The case of the day is Veroblue Farms USA, Inc. v. Wulf (N.D. Tex. 2020). The question in the case was whether service in the British Virgin Islands via a BVI solicitor was valid under the Hague Service Convention.
The Convention applies in the BVI by virtue of the UK’s declaration that the Convention applies in overseas territories including the BVI. The UK has made a declaration under Article 10 of the Convention, which states that “documents for service through official channels will be accepted in the United Kingdom only by the central or additional authorities and only from judicial, consular or diplomatic officers of other Contracting States.” But in a later clarification, the UK has stated that the declaration “does not preclude any person in another Contracting State who is interested in a judicial proceeding (including his lawyer) from effecting service in the United Kingdom “directly” through a competent person other than a judicial officer or official, e.g., a solicitor.” There’s no question about the propriety of using a solicitor to effect service in the UK itself.
I don’t doubt that the judge in today’s case was right to say that the outcome is the same in the BVI. But I wanted just to point out that both the Article 10 declaration and the clarification speak about the United Kingdom, and at least as I understand how the UK treats overseas possessions, the British Overseas Territories are not part of the United Kingdom. So it would be possible to read the declaration and the clarification to apply to the UK proper but not to the overseas territory. I don’t think that makes sense, but it’s an interesting possibility.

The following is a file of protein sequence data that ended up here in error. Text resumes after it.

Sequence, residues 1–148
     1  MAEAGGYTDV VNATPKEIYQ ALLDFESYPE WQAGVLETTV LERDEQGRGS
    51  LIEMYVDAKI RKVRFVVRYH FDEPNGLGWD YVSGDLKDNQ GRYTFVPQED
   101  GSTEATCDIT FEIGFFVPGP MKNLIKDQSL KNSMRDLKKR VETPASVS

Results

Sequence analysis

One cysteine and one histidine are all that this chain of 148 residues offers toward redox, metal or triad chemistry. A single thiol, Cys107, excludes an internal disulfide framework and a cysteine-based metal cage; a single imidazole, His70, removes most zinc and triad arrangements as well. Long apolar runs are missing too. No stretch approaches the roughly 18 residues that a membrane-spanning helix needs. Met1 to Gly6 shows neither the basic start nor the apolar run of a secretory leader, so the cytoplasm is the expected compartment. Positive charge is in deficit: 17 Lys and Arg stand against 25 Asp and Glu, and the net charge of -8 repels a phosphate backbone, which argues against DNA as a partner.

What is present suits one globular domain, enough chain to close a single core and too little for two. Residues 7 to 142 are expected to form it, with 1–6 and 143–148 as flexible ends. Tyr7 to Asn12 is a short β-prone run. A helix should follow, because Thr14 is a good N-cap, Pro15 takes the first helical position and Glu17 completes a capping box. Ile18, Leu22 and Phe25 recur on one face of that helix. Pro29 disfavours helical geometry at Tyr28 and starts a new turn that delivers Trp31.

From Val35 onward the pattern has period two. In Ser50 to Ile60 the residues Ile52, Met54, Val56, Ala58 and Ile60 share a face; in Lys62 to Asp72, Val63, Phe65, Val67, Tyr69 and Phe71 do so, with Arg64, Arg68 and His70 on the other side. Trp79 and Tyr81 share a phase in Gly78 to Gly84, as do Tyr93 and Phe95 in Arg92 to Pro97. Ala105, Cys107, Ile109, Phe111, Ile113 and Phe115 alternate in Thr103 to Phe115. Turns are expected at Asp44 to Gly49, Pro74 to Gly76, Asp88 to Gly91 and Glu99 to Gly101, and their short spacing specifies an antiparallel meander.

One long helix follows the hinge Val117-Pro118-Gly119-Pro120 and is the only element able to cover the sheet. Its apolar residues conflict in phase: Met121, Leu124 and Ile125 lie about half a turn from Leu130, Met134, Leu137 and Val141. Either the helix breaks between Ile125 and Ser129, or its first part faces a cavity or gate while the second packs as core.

There could be similar questions about US territories. The criminal code defines the term “United States,” as used there, to include all places subject to the jurisdiction of the United States; but in other contexts the term “United States” refers to the 50 states. I raise this just in light of the Supreme Court’s recent decision in Financial Oversight and Management Bd. for Puerto Rico v. Aurelius Investment, LLC, which refused to engage with the latest challenge to the Insular Cases, which established the current framework for thinking about the constitutional status of US territories.